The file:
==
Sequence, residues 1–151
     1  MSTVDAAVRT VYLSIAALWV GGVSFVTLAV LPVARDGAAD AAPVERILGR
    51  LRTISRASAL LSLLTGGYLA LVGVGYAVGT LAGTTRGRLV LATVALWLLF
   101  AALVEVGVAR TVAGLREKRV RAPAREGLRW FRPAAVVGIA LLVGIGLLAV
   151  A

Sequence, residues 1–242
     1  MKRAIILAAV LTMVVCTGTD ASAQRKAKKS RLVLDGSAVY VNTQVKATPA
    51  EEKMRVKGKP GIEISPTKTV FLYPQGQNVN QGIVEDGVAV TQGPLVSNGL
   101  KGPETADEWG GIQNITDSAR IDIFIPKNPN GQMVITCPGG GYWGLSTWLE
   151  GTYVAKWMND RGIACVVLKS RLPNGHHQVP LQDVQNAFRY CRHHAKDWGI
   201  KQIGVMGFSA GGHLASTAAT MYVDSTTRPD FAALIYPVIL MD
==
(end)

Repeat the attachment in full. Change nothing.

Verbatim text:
Sequence, residues 1–151
     1  MSTVDAAVRT VYLSIAALWV GGVSFVTLAV LPVARDGAAD AAPVERILGR
    51  LRTISRASAL LSLLTGGYLA LVGVGYAVGT LAGTTRGRLV LATVALWLLF
   101  AALVEVGVAR TVAGLREKRV RAPAREGLRW FRPAAVVGIA LLVGIGLLAV
   151  A

Sequence, residues 1–242
     1  MKRAIILAAV LTMVVCTGTD ASAQRKAKKS RLVLDGSAVY VNTQVKATPA
    51  EEKMRVKGKP GIEISPTKTV FLYPQGQNVN QGIVEDGVAV TQGPLVSNGL
   101  KGPETADEWG GIQNITDSAR IDIFIPKNPN GQMVITCPGG GYWGLSTWLE
   151  GTYVAKWMND RGIACVVLKS RLPNGHHQVP LQDVQNAFRY CRHHAKDWGI
   201  KQIGVMGFSA GGHLASTAAT MYVDSTTRPD FAALIYPVIL MD